Lake Blue Ridge Fishing Report July 2013
Blue Ridge: Level: Full pool. Temp: 78-82 degrees. Clarity: Clear.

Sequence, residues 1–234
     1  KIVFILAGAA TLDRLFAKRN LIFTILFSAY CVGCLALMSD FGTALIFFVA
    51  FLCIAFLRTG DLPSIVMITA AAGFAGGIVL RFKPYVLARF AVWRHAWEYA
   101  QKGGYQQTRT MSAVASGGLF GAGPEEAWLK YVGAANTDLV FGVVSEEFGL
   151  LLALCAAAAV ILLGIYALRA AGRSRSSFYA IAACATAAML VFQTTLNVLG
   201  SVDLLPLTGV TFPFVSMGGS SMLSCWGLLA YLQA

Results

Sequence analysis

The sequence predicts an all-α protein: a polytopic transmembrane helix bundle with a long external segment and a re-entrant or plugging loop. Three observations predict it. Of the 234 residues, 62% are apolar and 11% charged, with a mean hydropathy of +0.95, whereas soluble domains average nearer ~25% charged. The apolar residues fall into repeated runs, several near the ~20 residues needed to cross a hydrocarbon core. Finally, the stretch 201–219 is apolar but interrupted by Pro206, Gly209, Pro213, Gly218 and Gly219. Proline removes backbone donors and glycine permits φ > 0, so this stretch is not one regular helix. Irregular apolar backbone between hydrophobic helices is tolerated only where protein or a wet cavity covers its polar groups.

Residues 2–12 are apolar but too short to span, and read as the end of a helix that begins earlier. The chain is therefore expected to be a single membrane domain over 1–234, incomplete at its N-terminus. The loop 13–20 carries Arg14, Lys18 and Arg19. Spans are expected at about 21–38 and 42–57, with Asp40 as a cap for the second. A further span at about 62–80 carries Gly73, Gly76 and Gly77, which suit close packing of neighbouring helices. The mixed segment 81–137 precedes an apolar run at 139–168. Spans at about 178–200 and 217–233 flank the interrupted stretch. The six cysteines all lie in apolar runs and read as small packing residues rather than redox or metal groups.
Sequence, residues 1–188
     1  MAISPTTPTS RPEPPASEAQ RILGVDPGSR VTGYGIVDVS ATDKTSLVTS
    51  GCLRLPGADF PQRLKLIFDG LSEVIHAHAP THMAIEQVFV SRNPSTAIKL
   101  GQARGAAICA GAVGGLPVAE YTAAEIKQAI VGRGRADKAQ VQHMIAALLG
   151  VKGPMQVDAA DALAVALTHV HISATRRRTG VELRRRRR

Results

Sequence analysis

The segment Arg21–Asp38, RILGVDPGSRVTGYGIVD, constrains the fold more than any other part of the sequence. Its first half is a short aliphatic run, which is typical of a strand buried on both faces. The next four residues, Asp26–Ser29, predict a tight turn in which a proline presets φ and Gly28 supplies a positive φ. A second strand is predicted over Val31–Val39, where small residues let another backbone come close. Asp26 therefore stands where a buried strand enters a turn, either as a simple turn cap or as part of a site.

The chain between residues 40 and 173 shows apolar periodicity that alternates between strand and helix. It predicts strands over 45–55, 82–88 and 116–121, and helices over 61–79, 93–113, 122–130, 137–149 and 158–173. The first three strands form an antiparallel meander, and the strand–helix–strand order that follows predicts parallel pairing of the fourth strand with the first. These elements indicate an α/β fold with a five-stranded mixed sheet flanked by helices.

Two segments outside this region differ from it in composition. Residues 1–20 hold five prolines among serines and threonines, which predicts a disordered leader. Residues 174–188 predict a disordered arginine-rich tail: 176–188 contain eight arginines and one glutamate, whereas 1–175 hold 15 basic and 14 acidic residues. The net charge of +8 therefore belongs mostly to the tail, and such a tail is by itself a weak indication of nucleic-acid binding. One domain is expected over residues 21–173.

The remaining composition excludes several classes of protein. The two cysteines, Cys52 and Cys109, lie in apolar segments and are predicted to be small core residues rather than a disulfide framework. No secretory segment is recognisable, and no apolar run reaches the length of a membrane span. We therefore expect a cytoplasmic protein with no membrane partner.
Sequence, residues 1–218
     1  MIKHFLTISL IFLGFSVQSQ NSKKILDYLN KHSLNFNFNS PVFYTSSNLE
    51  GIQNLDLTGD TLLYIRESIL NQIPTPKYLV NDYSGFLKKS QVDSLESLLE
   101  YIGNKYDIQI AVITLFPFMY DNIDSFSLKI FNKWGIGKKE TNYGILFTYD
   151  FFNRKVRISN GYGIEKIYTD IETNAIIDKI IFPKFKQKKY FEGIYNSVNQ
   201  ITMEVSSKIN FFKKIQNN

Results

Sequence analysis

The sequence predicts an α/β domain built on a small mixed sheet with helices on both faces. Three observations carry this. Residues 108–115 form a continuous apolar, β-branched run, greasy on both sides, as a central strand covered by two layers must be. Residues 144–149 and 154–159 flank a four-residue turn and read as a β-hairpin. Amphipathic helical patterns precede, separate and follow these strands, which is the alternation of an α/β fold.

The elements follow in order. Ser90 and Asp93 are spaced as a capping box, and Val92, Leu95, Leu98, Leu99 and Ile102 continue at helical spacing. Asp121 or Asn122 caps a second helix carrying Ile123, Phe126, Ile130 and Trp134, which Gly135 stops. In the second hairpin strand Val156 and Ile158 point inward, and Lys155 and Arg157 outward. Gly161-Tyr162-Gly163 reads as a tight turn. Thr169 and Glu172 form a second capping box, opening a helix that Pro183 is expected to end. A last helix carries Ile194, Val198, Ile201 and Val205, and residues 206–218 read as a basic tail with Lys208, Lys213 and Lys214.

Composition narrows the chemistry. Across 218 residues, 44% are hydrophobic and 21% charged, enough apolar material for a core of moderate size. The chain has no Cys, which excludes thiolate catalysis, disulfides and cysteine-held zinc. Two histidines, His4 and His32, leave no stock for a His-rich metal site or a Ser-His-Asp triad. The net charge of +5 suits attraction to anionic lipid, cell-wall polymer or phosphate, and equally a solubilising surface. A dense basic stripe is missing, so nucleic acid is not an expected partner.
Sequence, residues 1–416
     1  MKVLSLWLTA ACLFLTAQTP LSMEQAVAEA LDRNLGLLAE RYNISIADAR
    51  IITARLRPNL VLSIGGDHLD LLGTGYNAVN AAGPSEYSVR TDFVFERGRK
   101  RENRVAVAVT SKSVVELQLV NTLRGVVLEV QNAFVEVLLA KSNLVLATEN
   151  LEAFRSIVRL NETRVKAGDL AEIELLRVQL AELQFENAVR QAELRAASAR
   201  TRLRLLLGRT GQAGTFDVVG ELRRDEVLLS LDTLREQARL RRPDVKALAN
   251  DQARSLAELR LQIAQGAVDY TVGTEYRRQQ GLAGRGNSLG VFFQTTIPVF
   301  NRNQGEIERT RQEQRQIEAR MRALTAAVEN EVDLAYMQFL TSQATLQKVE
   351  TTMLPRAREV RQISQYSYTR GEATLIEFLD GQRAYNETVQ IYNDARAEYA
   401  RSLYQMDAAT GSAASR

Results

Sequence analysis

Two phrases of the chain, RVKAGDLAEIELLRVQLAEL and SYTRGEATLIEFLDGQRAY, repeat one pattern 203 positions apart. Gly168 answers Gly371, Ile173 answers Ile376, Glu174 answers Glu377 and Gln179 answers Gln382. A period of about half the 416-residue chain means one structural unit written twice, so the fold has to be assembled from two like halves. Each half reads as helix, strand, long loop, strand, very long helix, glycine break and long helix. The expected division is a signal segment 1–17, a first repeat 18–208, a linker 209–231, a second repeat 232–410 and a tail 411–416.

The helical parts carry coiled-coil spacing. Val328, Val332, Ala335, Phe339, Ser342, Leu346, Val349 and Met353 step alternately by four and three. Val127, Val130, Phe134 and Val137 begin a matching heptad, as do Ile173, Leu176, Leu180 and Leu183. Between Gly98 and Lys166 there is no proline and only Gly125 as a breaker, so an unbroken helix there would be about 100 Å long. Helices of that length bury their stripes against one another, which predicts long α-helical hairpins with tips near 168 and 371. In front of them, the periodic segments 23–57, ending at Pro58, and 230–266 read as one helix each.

Bass: Good. Guide Eric Welch reports, “We are catching some fish in the mornings on Strike King KVD Sexy Dawg and flukes. We are also catching fish on drop shots and shaky heads. The fish are scattered around on main-lake points and around any laydowns or brush. Also fish a Strike King Bisty Tube on rocky points and banks for smallmouth. This month you should start catching them on deep, rocky banks on a drop shot. Also keep a eye on your electronics for fish in the 20- to 35-foot range.” Guide Eric Crowley reports, “Summertime on Blue Ridge is a great time to be fishing. I like to break the day down into sections—early morning, midday and afternoon. Early morning is the best time for topwater or sub-surface fish, as it is the coolest time of day, and the fish will be chasing the bait that is up feeding shallow at dawn. I like to throw noisy, large-profile baits that draw lots of attention. Smack Tackle Smack Jacks in herring color, Zara Spooks in blue or silver or a magnum Super Fluke in white or pearl-shad color. Braided line and fluorocarbon leaders are a must in the clear water. We use 10-lb. Power Pro line, and I have really had good results with the 10-lb. Stren Flourocast for leader material. This is a sight fishing technique, and you will have to run the main lake to find these fish. Good places to start are the penstock tower at the dam, the area directly out from the marina and Morganton Point. Smallmouth bass in the 2- to 4-lb. range have not been hard to find like this. Look for this bite to last till around 9 a.m. After the topwater bite slows down, I like to switch to a smaller bait and a slower presentation. This is a great time to fish a drop shot—3/8-oz. weights and 6- to 8-lb. leaders tied to the same 10-lb. braid are key here as sensitivity is what you’re looking for. Use 1/0 drop-shot or finesse wide-gap hooks with a Gulp Minnow, Super Fluke Jr. or a bluegill-colored finesse worm will work great most days when fished around rip-rap shoreline cover in the 12- to 25-foot depth range as well as submerged structure like the fish attractors and rock outcroppings common on Blue Ridge Lake. I like the area around points 1 and 2 and the DNR structure off point 2 particularly. This is a efficient way to help with the removal of the spotted bass in this body of water. In the afternoon, the fish are trying to beat the heat and find shade. Docks, big over-hanging trees and stationary house boats are a good place to start. This is where I like to fish fast. Warm water will have them willing to chase, so I like to roll up, make four or five casts under the docks, and move on if nothing is there. I might overlook some fish and could probably sit there and pick them off the cover, but I am looking for the more aggressive larger fish, and they will usually eat first. This is where your largemouth bass—as well as some spotted bass—will be around or after lunch time. Flukes, Trick Worms or live baitfish is the way to go here. We have had some impressive days following this method in the past few weeks boating some nice five-fish limits at the end of the day.”
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